by Mark Yokoyama

In a notebook of medical treatments used on St. Martin in the early 1800s, there are quite a few recipes made from ingredients purchased abroad. Many of those compounds are things we know are poisonous. Others were plant-based ingredients from around the world that were brought into the western medicine of the time.

But the notebook also includes some remedies based on local plants. The source of these cures is not revealed, but plant medicine traditions in the Caribbean are rich. They come from African and Amerindian cultures, which have roots going back thousands of years.

“A cure for the most obstinate ulcer” is one of these plant cures: “Yellow prickle wood water must be used as a bath for the sore, after which you take the bark of the yellow prickle wood pounded & sifted fine & the sore sprinkled with it then apply over it a poultice of bread.”

Cures made from locally available ingredients would have big advantages over those that require imported chemicals. Imported goods were expensive and took a long time to arrive. It is not surprising to see local plants used in some cures.

Four o’clock blossoms and some young leaves are used in a poultice. For dropsy, a cure includes several plants: bitter root stinking weed, black dog root and white candle wood root. A tea to break a fever was made from stinging wind roots and black dog root.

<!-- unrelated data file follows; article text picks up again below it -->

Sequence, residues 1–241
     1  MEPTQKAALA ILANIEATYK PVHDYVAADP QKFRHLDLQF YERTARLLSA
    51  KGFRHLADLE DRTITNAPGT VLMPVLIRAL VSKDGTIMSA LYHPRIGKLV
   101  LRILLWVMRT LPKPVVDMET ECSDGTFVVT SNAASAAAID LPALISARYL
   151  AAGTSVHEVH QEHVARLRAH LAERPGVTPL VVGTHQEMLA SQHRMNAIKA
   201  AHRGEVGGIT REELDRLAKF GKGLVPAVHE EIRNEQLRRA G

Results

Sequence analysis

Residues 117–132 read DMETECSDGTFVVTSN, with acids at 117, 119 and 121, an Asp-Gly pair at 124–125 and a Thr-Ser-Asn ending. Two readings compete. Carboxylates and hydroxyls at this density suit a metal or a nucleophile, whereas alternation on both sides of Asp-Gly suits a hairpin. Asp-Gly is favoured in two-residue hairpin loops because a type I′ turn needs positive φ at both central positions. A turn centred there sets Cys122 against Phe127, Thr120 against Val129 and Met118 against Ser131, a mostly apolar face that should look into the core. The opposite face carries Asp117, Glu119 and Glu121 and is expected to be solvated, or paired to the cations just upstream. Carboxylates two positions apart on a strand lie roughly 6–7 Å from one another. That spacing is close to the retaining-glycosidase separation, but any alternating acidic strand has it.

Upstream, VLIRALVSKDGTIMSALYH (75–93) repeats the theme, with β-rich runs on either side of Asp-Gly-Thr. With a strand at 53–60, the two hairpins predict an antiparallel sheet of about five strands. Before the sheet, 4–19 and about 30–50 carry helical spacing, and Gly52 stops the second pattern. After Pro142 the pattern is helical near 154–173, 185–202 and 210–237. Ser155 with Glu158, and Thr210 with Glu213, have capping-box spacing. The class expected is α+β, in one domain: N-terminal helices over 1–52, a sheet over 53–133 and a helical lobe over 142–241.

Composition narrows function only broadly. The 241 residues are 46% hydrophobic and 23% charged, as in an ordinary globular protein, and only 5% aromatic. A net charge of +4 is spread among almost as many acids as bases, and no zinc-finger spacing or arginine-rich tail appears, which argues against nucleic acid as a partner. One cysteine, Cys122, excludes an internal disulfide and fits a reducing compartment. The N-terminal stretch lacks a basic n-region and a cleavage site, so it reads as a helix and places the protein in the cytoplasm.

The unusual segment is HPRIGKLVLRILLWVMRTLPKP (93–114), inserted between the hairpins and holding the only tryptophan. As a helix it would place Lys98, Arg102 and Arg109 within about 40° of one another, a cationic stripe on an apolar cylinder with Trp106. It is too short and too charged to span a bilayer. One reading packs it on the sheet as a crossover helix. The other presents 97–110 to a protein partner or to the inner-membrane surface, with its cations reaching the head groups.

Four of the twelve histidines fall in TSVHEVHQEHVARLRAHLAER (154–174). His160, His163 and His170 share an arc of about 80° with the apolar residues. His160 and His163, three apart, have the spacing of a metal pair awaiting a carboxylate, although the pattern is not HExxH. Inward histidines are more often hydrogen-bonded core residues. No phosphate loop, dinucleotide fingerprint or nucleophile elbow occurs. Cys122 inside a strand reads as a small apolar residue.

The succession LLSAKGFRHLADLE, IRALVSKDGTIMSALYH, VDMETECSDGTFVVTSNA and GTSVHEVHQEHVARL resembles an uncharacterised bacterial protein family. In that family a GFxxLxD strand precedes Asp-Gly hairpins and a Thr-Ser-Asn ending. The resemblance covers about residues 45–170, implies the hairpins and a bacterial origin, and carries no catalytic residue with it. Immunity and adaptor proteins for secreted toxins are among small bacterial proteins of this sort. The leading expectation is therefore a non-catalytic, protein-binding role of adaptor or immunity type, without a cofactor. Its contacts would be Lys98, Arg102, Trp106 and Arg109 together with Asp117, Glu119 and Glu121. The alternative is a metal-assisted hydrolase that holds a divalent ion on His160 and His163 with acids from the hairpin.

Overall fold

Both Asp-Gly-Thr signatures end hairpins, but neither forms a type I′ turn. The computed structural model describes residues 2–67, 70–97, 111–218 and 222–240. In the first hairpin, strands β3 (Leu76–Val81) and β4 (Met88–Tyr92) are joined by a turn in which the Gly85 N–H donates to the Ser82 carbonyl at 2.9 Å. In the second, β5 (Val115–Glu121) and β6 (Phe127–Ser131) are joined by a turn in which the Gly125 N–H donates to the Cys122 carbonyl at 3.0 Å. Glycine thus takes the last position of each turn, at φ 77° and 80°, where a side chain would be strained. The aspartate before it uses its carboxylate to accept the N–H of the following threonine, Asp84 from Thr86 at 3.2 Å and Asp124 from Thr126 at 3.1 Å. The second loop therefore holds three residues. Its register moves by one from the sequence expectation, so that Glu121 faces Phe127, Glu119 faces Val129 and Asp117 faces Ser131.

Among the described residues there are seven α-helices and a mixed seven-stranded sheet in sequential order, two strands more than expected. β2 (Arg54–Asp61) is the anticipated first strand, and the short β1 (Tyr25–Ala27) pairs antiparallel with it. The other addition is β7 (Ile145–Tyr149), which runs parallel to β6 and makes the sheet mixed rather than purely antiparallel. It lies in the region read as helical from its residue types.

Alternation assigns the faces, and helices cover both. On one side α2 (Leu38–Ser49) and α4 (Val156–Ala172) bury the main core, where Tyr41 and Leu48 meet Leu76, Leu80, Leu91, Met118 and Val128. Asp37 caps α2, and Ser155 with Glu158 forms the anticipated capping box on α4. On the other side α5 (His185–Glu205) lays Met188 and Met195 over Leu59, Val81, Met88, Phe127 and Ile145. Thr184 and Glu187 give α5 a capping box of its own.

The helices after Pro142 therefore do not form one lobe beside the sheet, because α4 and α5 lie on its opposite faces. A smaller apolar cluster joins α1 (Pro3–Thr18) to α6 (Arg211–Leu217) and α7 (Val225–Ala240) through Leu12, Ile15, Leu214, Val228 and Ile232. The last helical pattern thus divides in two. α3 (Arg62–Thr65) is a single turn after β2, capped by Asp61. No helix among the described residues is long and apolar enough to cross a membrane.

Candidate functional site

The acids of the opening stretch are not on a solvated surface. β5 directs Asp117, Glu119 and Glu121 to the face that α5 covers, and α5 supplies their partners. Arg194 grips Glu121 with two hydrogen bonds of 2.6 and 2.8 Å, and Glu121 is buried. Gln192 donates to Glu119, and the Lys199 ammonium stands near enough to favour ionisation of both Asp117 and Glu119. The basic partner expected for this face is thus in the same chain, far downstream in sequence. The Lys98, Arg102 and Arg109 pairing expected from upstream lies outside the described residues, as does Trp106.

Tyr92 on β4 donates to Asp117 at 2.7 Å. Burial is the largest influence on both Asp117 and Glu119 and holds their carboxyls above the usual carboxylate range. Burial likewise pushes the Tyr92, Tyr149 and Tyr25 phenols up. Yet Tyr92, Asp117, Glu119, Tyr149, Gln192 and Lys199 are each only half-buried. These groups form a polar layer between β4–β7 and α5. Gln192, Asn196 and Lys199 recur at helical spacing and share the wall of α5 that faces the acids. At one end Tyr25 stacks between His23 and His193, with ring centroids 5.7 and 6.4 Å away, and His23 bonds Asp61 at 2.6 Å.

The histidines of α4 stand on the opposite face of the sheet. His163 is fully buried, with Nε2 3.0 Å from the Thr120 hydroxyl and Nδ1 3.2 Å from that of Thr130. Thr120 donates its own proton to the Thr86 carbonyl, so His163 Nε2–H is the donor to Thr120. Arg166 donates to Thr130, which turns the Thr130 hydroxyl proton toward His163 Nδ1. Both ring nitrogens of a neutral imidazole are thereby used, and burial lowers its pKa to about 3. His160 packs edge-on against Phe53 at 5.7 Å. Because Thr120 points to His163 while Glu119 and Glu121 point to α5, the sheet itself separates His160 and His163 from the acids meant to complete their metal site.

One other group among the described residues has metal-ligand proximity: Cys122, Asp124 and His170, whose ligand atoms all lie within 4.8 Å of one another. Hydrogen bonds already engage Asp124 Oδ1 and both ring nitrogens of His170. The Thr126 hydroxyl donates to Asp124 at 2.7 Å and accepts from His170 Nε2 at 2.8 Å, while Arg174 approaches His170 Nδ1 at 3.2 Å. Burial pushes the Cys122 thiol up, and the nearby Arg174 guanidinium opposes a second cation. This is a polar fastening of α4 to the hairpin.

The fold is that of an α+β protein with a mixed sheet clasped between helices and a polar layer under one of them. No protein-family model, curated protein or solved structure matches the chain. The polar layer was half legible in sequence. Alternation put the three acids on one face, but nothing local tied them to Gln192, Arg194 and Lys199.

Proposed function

Although many cures in the notebook are attributed to Dr. Allaway, these plant cures were not. It seems Allaway preferred his mercury and lead concoctions. A cure for stoppage of urine from Dr. Griffin of St. Kitts was made from plants: chicken weed root and white nicker root. The transfer of knowledge from black Caribbean people to white doctors was surely different from island to island and doctor to doctor.

By the time this notebook was written, the population of St. Martin was mostly people of African descent, both free and enslaved. These people had brought a rich tradition of plant medicine, and even many of the plants themselves. The most skilled doctor on the island was probably one of these people, although we don’t know their name or have a record of their work. They may have used dozens or even hundreds of local plants. Although their cures are not recorded in their book, some of them survived to this day via oral traditions.

Were plant cures passed down in your family? Share them by writing to The Daily Herald or [email protected]